SPIN ESR 4.3: Monitoring hazards from a changing alpine environment
Name: Tjeerd Kiers
Institution: ETH Zürich (ETHZ), Department of Earth Sciences
My name is Tjeerd and I was born in the Netherlands a bit more than 25 years ago. After a Bachelor Earth Sciences in Utrecht and the IDEA League Applied Geophysics Joint Master, I ended up at ETH Zurich for my landslide monitoring PhD-project. In this project, we aim to advance landslide characterization and monitoring using large-scale nodal arrays and fibre-optic techniques. Hence, during the last year, I’ve been many weeks in field to install sensors, trench fibre-optic cables and record seismic data. Personally, these landslide activities in the Central Swiss Alps match my hobbies very well, as all my hobbies can be summarized by one word: Mountains. During the weekends and holidays, I try to enjoy the mountains as much as possible by doing alpine routes, ski touring trips and biking tours together with friends. Being so close to the Alps, I consider a big advantage of living in Zurich compared to my fully flat home country ;) I’m really looking forward to further continuing my landslide monitoring project here in Zurich for the coming years and to keep seeing the other SPIN-participants during the short courses and workshops that are still ahead!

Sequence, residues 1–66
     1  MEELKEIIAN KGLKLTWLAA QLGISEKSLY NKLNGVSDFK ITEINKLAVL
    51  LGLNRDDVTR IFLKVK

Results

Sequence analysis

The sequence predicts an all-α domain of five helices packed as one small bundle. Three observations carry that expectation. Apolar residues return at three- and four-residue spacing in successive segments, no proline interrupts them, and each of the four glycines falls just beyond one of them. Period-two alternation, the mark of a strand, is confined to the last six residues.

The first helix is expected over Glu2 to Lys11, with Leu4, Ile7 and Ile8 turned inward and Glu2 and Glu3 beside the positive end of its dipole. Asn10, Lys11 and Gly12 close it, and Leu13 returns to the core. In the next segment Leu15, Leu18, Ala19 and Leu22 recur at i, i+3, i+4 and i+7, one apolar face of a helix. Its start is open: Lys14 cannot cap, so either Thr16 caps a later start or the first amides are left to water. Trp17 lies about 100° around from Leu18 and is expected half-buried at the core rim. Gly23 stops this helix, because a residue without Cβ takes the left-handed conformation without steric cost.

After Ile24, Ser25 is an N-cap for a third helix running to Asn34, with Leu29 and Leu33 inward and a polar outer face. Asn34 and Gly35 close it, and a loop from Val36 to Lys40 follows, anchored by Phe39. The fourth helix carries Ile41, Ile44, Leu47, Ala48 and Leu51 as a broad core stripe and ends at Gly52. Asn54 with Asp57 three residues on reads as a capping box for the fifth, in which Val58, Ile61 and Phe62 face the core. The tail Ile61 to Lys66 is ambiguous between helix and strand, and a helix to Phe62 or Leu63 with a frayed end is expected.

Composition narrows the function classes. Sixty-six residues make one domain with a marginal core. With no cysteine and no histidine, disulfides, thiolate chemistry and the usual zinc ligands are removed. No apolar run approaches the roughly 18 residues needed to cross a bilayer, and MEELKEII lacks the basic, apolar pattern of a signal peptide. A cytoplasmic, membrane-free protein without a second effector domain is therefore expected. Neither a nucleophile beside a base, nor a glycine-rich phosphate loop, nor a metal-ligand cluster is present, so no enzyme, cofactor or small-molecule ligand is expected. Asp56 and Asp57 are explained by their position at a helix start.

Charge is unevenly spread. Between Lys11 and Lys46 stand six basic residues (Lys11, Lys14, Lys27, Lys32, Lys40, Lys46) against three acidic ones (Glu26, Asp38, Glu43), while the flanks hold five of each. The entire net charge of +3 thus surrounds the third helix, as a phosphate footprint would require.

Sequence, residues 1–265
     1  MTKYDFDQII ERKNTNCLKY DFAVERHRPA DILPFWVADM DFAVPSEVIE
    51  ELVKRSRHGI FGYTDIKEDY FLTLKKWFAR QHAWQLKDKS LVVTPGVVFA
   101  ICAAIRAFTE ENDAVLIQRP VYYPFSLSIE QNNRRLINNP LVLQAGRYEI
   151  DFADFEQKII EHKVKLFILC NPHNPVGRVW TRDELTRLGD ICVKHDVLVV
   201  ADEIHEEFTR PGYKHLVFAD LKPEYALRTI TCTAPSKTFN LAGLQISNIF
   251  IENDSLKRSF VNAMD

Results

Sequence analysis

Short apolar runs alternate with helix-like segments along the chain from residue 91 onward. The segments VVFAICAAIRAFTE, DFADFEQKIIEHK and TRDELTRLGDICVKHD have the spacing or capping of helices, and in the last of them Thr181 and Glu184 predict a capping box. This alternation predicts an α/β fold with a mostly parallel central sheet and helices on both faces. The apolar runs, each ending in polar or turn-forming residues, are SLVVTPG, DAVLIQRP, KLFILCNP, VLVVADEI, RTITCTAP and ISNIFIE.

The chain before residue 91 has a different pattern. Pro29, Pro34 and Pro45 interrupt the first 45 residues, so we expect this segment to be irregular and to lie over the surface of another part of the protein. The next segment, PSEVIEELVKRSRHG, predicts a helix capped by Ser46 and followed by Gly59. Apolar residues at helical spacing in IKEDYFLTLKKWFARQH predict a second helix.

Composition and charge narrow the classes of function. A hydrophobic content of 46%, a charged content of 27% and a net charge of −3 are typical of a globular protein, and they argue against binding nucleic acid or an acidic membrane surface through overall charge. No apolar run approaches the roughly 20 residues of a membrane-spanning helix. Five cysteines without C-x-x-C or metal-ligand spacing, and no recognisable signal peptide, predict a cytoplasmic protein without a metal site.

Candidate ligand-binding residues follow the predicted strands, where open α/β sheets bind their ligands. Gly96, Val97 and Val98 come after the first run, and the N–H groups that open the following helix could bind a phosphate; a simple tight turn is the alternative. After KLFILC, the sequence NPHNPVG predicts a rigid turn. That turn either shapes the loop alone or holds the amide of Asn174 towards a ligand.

Buisman, M., Martuganova, E., Kiers, T., Draganov, D., & Kirichek, A. (2022). Continuous monitoring of the depth of the water-mud interface using distributed acoustic sensing. Journal of Soils and Sediments, 1–7.
Edme, P., Kiers, T., Paitz, P., & Robertsson, J. (2022). Distributed Fiber-Optic Sensing for Local Ground-Roll Estimation and Attenuation. In 83rd EAGE Annual Conference & Exhibition (pp. 1–5).
Kiers, T., Edme, P., Paitz, P., & Fichtner, A. (2021). Towards Exploiting the DAS-Potential in Gradiometry: Combining DAS-Collected Divergence Measurements with Conventional Receiver Data. In AGU Fall Meeting Abstracts (pp. S25H–03).
Draganov, D., Ma, X., Buisman, M., Kiers, T., Heller, K., & Kirichek, A. (2021). Non-intrusive characterization and monitoring of fluid mud: laboratory experiments with seismic techniques, distributed acoustic sensing (DAS), and distributed temperature sensing (DTS). IntechOpen.
Edme, P., Paitz, P., Sollberger, D., Kiers, T., Perron, V., Schmelzbach, C., Fichtner, A., & Robertsson, J. (2021). On the use of Distributed Acoustic Sensing for seismic divergence and curl estimations. In EGU General Assembly Conference Abstracts (pp. EGU21–12443).
This figure provides a summary and map overview of all sensors that have been installed at the active Cuolm da Vi landslide since the May – August 2022 field campaign. This involves several kilometres of fibre-optic cable (yellow) including various loops. The dashed yellow line denotes the cable part which already existed before our field campaign for the local skiing area telecommunication purposes. The 1046 deployed Stryde nodes and 144 active dynamite shots are illustrated by the green triangles and red stars, respectively. Additionally, five long-term 3C-geophones were installed as well as two Trillion compact sensors.